ren, the fortress city. The rock of the north. Set between the mountains and the great lake: Bren was built only for war. The mountains flanked the west and south, the lake to the north. The only clear approach to the city was from the eastern plains. And never was there a more carefully constructed sight than Bren's eastern wall. It was designed with one basic function: to promote fear in the eyes of all who approached. Its granite towers pierced the clouds, issuing an unspoken challenge to God in his heavens. The mountains, from their position behind the city, seemed to back up this challenge like a sentinel.

The outer wall was as smooth as a blade; the individual stones almost undetectable. The mason's art had reached its highest pinnacle in Bren. The walls gleamed with arrogance. They mocked all who approached, saying scale me if you dare. Cleverly designed recess' caught shadow in the morning sun. A sharp eye could detect their presence, but a keen mind only guess at their uses.

Probably for pouring hot oil and the like, thought Nabber. Or to conceal a well placed archer. He whistled in appreciation. They had no such fancy stuff in Rorn.

The boy joined the throng of people lining up to enter the city. He took off his cloak, reversed it so that the scarlet lining was on the inside once more, and put it back on. He had need of some coinage, and at such times it was best not to be too conspicuous.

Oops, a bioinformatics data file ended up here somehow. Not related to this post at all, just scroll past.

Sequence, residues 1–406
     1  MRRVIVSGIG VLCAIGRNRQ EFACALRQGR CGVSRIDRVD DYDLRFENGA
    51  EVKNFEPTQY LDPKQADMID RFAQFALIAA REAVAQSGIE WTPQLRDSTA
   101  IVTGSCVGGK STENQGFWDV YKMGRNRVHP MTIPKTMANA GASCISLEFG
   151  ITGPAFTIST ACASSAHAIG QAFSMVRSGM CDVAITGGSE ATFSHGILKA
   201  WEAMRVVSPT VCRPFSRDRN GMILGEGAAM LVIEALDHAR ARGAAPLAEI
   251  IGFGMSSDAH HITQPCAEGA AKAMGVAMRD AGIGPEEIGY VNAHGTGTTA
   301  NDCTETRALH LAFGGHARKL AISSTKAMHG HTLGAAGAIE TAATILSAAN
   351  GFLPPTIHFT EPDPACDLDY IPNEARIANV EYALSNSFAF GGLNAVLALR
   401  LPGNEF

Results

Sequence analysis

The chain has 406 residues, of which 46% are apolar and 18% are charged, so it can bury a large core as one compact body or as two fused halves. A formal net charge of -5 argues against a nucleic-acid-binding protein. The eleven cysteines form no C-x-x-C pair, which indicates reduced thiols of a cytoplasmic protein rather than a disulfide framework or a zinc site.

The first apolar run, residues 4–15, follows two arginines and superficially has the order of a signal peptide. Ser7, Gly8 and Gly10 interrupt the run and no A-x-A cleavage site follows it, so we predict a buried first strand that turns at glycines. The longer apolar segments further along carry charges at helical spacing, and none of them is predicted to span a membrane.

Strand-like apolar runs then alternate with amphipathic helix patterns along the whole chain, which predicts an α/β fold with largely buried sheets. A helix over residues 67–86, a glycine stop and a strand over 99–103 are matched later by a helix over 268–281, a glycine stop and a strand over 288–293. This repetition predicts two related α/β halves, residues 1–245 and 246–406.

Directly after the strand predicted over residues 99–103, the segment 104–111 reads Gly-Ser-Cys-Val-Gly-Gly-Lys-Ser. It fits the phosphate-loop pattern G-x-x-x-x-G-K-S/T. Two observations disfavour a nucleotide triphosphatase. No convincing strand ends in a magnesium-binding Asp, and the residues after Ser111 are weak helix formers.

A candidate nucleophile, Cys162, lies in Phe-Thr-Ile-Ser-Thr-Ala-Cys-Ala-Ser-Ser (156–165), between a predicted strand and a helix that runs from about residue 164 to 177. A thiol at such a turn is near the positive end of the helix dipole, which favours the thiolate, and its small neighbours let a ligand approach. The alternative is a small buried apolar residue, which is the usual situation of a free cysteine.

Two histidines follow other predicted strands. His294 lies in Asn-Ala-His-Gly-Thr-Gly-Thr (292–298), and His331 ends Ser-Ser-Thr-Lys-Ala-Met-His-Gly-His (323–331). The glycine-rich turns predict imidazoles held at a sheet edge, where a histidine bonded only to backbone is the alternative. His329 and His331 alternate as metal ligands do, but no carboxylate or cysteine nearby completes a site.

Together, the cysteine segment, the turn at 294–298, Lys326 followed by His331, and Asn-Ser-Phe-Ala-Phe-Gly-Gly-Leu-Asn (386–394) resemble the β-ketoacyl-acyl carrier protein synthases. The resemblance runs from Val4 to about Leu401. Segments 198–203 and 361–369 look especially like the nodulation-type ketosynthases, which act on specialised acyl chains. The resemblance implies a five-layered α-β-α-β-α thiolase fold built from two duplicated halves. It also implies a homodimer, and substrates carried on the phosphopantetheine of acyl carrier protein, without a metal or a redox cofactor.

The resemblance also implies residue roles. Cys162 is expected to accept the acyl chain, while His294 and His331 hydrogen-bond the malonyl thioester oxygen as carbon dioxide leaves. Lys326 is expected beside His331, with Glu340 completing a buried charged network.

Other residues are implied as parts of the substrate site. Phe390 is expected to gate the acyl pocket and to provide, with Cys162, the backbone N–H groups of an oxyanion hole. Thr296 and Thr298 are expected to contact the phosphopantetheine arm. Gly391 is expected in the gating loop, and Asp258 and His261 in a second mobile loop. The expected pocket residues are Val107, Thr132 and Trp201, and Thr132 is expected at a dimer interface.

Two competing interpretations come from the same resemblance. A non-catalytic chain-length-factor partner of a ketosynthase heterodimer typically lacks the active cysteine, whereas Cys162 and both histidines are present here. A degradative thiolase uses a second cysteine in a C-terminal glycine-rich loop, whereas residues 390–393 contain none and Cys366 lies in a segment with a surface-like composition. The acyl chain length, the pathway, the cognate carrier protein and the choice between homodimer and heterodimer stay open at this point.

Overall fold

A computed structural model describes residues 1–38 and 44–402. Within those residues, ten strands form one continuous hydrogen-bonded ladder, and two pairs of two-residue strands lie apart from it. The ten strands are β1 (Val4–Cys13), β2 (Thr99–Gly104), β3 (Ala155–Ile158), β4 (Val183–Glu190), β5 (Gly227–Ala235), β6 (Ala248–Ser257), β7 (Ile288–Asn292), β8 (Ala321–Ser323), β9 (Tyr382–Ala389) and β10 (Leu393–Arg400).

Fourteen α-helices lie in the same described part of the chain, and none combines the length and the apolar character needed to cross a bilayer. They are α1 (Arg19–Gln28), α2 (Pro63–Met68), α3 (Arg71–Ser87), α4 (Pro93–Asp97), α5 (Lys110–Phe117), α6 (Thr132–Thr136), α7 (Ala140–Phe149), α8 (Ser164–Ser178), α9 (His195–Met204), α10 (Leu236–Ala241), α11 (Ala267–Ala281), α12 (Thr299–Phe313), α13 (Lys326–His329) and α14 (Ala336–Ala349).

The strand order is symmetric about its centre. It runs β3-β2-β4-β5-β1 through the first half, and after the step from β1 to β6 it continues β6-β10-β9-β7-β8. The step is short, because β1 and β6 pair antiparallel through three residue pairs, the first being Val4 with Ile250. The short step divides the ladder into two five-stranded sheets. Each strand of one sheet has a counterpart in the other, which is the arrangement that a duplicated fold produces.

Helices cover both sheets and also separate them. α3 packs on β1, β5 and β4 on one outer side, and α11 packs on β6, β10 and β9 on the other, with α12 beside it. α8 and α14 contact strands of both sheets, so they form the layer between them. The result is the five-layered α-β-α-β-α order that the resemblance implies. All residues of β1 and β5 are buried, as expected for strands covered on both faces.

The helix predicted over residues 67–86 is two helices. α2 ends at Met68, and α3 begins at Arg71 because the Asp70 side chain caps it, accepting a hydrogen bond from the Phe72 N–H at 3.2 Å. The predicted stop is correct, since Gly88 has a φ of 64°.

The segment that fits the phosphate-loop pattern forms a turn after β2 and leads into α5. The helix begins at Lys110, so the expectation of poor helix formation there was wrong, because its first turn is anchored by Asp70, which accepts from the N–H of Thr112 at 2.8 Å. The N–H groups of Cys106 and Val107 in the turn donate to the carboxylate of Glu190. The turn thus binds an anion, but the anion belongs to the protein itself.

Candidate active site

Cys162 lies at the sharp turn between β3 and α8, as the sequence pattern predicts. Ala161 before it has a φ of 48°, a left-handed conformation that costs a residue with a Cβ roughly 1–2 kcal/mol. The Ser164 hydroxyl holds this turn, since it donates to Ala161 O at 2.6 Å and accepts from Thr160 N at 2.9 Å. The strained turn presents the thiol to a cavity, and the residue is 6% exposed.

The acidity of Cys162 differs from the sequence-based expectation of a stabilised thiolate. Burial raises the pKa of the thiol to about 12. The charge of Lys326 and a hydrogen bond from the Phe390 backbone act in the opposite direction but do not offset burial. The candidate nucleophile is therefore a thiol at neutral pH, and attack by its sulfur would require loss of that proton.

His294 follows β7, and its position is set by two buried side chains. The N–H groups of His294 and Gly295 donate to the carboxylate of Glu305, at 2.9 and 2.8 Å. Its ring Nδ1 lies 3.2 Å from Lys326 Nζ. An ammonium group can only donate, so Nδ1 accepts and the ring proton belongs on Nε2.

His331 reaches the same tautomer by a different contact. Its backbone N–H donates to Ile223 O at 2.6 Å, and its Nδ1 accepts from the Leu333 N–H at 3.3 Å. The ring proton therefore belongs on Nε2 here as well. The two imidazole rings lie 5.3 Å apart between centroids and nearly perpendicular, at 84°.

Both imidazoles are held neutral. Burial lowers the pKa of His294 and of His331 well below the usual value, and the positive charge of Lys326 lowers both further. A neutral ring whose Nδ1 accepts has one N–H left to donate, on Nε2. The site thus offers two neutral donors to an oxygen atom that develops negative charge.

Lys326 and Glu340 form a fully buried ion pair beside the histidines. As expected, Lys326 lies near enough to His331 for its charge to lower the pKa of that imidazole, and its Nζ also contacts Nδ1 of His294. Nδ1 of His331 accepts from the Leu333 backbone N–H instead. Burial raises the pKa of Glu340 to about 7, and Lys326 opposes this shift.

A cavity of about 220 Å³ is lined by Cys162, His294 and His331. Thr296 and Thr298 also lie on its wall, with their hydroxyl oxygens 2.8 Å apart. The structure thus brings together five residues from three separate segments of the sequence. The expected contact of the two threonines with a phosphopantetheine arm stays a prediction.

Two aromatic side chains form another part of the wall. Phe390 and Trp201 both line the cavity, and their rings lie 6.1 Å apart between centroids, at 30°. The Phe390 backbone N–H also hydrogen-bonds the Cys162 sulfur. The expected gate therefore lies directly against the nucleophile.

He did a quick scan of the people waiting to walk through the gate. Not much prospecting here, that's for sure. A distinctly mottled and poor looking lot; farmers and beggars and worse. Not a plump and well-fed merchant amongst them. Just his luck, he'd picked the wrong gate.

"Here you," he cried to the tall, lanky guard who was on his side of the gate. "Yes you, string-o-beans."

"What d'you think you're doing addressing the duke's guard in that manner?"

"Sorry, my friend. I meant no offense. Where I come from calling a man string-o-beans is considered a compliment." Nabber beamed brightly at the guard, and waited for the inevitable question.

"Where d'you come from then?"

"Rorn. The finest city in the east. A place where men who are as unusually tall and lanky as yourself are in great demand with the women."

The guard's face registered interest and disbelief in equal measure. He sighed heavily. "What d'you want?"

"Information, my good friend."

"Not a spy, are you?"

"Of course I am. Been sent by the Archbishop of Rorn himself."

"All right, all right. None of that lip, or I won't let you pass."

Nabber smiled his winning smile. "Where do all the merchants enter the city?"

"What's that to you?"

"I lost my gaffer, that's what." Nabber was never caught short of a quick story. "Fur merchant he is. I wondered where the best place to look for him is."

"The northeast gate is where all the merchants pass. Two courtyards south is the trader's market. You might find him there."

"I'm in your debt, my friend," said Nabber. "Though I wonder if I might impose upon your extensive knowledge of the city for a moment longer?"

The guard fell for the flattery. "Go on."

"Well, situated as you are, in a most important post, you must see a lot of the people who enter the city?"

"That I do."

"Well, there's an acquaintance of mine, whom I have good reason to believe may have come this way. I wonder if you might have seen him."